Do you know the signs of bullying?
Government data shows only about 20 to 30 percent of students getting bullied actually tell adults about it.
Experts say to look out for the warning signs.
Lindsay Ciepiela, a social worker and clinic director at the Center for Human Development, told Western Mass News you can look for all kinds of symptoms.
"Retreating to their room more, they're not socializing with the family, avoiding school or any frequent extracurricular activities they used to really enjoy," said Ciepiela.
"Unexplained stomachaches, headaches, 'I just don't feel good.' All those sort of issues tend to correlate to issues of anxiety or depression that are statistically correlated to bullying behavior," Ciepiela continued.
Western Mass News caught up with some parents who say their children have experienced bullying.
"She was in with a group of girls and I guess one of them started being very mean. There was that pack mentality and she was ousted. It was just very simple, classic bullying," said Ashley Foster.
Foster said she reported the incident to her daughter's school and it was solved quickly.
In fact, Massachusetts law requires that school districts have a bullying and intervention plan.
Dr. Mary Anne Morris, Director of Student Services for Holyoke Public Schools, gave Western Mass News a look at how her district handles reports.
"When we get a bullying complaint, the first thing the administrators do is just want to make sure everybody's safe. It may require immediate action changing a seat in a classroom, putting extra adult supervision out on the playground or in the hallways, perhaps changing classes separating the two," said Dr. Morris.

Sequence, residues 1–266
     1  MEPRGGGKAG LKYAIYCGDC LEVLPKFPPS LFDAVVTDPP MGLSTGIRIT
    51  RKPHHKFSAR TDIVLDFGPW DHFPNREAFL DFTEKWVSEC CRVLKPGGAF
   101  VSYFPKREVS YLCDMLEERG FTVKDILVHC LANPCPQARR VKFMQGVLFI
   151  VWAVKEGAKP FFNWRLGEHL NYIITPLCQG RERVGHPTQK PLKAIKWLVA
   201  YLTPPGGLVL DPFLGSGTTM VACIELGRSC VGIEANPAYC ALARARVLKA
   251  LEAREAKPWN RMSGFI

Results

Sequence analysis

Then, the school district begins an investigation of gathering evidence, which could include witness interviews.
"There's a very big difference between the number of complaints filed and the number actually substantiated," Dr. Morris added.
At the end of the school year, the verified incidents are documented at a district level, and thus, reported to the state.
"Bullying is very, very serious. It can do a lot of damage for a very long time to students, to their mental health, to their academics," said Dr. Morris.
With the prevalence of school shootings, some parents wonder how bullying might have played a role.
"Particularly after the Parkland shooting, a lot of the districts experienced a real spike in threats. Bullying does not directly cause school shooting," Dr. Morris continued.
However, mental health remains a concern.
"They're learning that terrible thing happened and then there was all this airtime about people who were bullied or sad or hurt so we're conditioning folks to realize to get the help they need to have to really make a splash," said Ciepiela.
According to government data, 28 percent of U.S. students in grades 6 through 12 experience bullying, and approximately 30 percent of young people admit to bullying others.
So, how can you make sure your child isn't the bully?
Experts will answer that question Friday night on Western Mass News at 11 p.m. on ABC40 and CBS3.
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